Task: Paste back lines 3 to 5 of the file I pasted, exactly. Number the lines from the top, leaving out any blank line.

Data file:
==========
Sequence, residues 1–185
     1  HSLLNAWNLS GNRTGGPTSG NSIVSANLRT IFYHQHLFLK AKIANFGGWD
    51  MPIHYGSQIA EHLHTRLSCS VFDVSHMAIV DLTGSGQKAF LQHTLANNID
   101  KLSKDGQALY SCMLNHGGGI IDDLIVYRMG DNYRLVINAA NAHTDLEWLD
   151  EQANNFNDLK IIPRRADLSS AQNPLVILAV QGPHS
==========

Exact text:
    51  MPIHYGSQIA EHLHTRLSCS VFDVSHMAIV DLTGSGQKAF LQHTLANNID
   101  KLSKDGQALY SCMLNHGGGI IDDLIVYRMG DNYRLVINAA NAHTDLEWLD
   151  EQANNFNDLK IIPRRADLSS AQNPLVILAV QGPHS